Baron Allen Ray APPELLANT v. The State of Texas STATE
Appellant Baron Allen Ray appeals the revocation of his community supervision and subsequent twenty-four month sentence. We affirm.
On November 13, 2007, Ray pleaded guilty to possession of less than one gram of a controlled substance. In accordance with a plea-bargain agreement, the trial court deferred adjudicating Ray's guilt and placed him on community supervision for four years. On January 28, 2008, the State filed a motion to proceed with an adjudication of Ray's guilt, alleging that Ray had violated the terms and conditions of his community supervision. Under a plea-bargain agreement, Ray pleaded true to the allegations in the motion to adjudicate. The trial court adjudicated his guilt but suspended imposition of the twenty-four month sentence and placed him on four years' community supervision.
On October 13, 2009, the State moved to revoke Ray's community supervision, alleging that he had tested positive for marijuana. Ray pleaded true to the allegation and agreed to a continuation of his community supervision under the condition that he complete a drug-treatment program. Ray successfully completed this program.
On June 7, 2011, Ray was in the parking lot of a public swimming pool and appeared to have been drinking because, according to pool attendant Madonna Baker, “[h]e wasn't talking right” and his behavior was “off the wall.” Baker saw that Ray was holding a beer can and believed Ray was “highly intoxicated” based on his behavior. Because alcohol was prohibited at the pool and because he did not have a pass to be in the pool area, Baker told him he could not swim when he tried to get in the pool. Ray became irritated, began loudly using profanity, and threw his beer can at the door of the pool office. Ray denied that he was drinking alcohol and denied cursing, stating that he only expressed his general displeasure with “stupid, silly rules.” Several families with children left the pool area when this began, and Baker felt “uncomfortable.” Ray left, and Baker called the police.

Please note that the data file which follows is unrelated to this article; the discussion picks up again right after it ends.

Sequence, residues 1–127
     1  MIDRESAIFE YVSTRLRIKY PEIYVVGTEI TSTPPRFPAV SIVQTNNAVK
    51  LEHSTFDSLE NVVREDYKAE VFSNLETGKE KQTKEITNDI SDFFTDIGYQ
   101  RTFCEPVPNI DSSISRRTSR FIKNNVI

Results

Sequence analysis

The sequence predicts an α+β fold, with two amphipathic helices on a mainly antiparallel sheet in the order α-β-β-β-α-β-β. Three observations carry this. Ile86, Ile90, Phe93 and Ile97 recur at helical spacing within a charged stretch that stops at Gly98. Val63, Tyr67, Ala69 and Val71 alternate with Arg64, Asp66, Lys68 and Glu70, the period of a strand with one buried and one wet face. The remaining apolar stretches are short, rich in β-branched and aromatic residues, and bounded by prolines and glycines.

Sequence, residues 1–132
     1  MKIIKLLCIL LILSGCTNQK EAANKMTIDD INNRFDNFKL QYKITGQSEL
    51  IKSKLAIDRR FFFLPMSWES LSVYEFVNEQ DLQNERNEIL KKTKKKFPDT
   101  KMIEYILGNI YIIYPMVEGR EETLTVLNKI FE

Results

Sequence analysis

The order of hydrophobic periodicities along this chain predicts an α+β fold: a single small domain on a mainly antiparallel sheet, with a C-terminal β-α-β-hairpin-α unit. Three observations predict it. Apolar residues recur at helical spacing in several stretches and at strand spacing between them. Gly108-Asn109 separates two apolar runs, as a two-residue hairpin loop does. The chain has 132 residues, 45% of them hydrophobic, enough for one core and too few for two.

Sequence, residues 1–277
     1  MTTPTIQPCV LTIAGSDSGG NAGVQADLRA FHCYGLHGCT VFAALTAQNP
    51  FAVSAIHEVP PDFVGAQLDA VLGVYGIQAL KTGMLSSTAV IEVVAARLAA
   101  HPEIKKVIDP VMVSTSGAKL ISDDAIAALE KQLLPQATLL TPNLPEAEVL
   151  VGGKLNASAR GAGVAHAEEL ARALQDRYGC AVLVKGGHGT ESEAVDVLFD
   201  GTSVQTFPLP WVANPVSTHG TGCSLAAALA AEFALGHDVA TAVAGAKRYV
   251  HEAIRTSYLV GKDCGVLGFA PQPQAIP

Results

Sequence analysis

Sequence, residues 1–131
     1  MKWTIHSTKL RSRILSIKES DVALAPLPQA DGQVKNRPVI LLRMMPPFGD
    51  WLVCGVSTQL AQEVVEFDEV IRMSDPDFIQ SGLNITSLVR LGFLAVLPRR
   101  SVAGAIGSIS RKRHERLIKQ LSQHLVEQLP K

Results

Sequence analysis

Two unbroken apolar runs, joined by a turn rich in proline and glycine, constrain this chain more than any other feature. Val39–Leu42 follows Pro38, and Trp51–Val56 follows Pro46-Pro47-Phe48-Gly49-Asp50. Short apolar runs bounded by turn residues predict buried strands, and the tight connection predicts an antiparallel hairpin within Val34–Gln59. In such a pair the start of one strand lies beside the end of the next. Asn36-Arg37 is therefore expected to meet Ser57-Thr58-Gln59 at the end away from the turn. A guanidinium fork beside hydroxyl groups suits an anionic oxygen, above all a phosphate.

Deputy Roland Smith arrived at the pool, and Baker gave him Ray's license plate, which led Deputy Smith to Ray's house. Deputy Smith knocked on the front door, but there was no response. He walked to the back of the house, where he saw Ray inside and “passed out” in a chair. Deputy Smith “beat on the door and hollered through the [open] window, and finally ․ got him to wake up.” Ray allowed Deputy Smith to come into the house. Deputy Smith smelled the “odor of burnt marijuana” and saw, in plain view, several packages of synthetic marijuana, pipes, and rolling papers. Further, Ray “had a strong odor of alcohol on his breath.” Deputy Smith determined Ray was intoxicated and placed him under arrest.
On July 8, 2011, the State filed a motion to revoke Ray's community supervision, alleging that Ray possessed drug paraphernalia, committed a breach of the peace, and consumed alcohol, all of which violated the terms and conditions of his community supervision.2 Ray pleaded not true to the allegations. At the revocation hearing, Ray's probation officer, Bobby Ross Hayworth, testified that Ray tested negative for alcohol and controlled substances the day after the arrest, but he also explained that such a test would not detect synthetic marijuana and that alcohol metabolizes quickly.
The trial court found that Ray violated the terms and conditions of his community supervision, revoked his community supervision, and sentenced him to twenty-four months' confinement. Ray now appeals and argues that the trial court abused its discretion by revoking his community supervision because the State failed to prove the violations by a preponderance of the evidence.